At 8 pm on Sunday, October 30, 1938, one day before Halloween, Orson Welles presented his CBS radio adaptation of the H.G. Wells’ classic novel The War of the Worlds. But where the original takes place throughout Great Britain, Welles set his broadcast in America. Being unsponsored, the show took infrequent commercial breaks, and set itself up as a bulletin-style newscast interrupted by breaking news of an alien invasion.
It was a perfect storm for misunderstanding: popular history claims people tuning in from other shows didn’t hear the introduction to the program, and didn’t have any commercial breaks to tell them that the broadcast was fictional. And don’t forget that in 1938, tensions were rising in Europe, and people were primed for war. The panic was reportedly swift and powerful: though only a subset of people believed aliens were attacking America, others found it quite plausible that humanity had initiated its own war.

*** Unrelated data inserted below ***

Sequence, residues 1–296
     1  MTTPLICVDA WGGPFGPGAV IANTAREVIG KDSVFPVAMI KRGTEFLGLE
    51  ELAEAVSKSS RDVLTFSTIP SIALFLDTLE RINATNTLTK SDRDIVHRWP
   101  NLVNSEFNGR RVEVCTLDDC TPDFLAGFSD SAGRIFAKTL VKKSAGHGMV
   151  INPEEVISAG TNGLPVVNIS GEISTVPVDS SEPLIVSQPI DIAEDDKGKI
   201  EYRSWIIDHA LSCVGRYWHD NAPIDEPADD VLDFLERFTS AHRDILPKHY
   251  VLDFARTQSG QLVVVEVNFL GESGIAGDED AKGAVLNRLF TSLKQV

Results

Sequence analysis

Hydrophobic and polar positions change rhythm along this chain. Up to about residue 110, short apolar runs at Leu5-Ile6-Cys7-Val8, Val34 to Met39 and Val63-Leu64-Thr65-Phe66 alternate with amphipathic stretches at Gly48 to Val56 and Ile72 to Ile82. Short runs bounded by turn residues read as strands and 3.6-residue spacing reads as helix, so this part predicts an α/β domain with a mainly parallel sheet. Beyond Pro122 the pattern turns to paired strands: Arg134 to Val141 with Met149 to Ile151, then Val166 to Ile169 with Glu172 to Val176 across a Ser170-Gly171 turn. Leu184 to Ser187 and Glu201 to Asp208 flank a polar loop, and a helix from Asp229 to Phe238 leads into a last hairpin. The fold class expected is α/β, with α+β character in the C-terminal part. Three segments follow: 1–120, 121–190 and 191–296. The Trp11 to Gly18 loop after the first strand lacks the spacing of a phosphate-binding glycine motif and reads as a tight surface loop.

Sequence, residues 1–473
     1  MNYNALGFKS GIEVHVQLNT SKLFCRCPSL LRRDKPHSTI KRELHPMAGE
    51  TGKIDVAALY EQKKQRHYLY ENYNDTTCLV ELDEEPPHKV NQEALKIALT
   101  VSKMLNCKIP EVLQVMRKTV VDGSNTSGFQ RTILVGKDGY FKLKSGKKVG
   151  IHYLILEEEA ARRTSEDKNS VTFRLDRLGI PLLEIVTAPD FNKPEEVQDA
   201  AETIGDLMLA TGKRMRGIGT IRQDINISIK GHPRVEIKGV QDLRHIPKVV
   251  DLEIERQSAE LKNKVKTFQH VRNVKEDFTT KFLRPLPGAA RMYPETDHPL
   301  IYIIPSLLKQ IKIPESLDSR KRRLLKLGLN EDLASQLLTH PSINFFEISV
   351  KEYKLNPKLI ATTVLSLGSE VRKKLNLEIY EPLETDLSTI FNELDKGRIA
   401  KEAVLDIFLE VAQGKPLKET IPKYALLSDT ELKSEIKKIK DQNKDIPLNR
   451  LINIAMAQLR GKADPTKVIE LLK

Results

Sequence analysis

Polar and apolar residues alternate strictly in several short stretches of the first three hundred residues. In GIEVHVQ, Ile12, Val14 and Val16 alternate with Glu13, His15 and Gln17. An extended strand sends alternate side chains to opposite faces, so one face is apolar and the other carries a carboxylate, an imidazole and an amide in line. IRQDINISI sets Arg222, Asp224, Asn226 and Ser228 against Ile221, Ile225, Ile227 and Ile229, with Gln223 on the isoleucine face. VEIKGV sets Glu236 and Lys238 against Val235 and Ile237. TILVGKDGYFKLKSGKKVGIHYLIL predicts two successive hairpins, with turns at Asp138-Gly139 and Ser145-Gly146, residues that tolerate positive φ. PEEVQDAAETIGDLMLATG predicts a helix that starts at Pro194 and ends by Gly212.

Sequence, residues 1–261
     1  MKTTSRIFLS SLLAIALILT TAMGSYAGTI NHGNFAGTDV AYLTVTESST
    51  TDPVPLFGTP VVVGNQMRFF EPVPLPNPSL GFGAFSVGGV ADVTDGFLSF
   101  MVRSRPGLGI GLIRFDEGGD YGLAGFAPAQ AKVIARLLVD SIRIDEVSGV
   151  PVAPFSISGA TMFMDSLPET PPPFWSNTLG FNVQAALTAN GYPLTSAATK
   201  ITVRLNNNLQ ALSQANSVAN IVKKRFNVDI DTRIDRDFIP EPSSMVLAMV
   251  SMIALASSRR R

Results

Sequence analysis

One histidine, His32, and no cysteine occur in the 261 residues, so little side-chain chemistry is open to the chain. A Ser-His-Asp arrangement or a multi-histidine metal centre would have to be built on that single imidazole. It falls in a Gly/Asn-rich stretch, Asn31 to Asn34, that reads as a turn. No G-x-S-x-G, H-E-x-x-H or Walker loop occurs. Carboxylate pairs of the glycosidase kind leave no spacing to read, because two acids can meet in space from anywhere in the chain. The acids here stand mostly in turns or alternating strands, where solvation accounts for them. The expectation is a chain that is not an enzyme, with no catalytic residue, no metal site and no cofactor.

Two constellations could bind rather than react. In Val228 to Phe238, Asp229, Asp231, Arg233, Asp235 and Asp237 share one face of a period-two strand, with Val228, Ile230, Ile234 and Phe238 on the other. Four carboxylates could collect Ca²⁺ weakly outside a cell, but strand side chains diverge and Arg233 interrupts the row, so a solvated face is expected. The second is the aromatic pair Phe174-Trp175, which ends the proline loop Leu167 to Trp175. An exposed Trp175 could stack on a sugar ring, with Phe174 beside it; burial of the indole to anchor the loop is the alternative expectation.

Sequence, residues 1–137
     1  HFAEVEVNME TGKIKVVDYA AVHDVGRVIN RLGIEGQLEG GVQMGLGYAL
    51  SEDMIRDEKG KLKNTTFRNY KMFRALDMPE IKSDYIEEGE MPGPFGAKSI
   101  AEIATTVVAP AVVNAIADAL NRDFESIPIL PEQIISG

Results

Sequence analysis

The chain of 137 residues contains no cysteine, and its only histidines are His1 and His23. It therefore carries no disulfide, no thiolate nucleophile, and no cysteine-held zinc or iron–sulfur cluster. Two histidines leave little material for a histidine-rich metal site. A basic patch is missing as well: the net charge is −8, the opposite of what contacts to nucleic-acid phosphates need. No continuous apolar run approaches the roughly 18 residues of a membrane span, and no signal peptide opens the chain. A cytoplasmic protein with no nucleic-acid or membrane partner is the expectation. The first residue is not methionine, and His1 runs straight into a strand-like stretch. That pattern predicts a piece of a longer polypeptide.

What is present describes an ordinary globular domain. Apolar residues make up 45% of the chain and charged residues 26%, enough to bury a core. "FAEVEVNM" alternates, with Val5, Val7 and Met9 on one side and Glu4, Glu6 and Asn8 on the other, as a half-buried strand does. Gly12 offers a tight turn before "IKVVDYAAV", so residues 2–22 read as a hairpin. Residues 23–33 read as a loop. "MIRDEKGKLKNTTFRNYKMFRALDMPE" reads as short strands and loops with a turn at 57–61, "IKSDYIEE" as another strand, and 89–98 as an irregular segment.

The rumblings started early at CBS studios. According to one of the show’s producers, at 8:32 pm, supervisor Davidson Taylor got a phone call. He came back from the conversation “pale as death,” with orders to interrupt the program and confirm it was fictional. Unfortunately, as the show was about to take its first break, this never happened.
As the hour-long program went on, more signs of tension appeared. One of the voice actors remembered finishing his part and then sitting and watching policemen slowly trickle in—until they had suddenly filled up the studio. The phone rang again: a mayor of a Midwestern town claimed the broadcast had incited mobs. Then, as producer John Houseman recalled, as soon as they got off the air, “the studio door…burst open.” What followed was like a scene from a movie.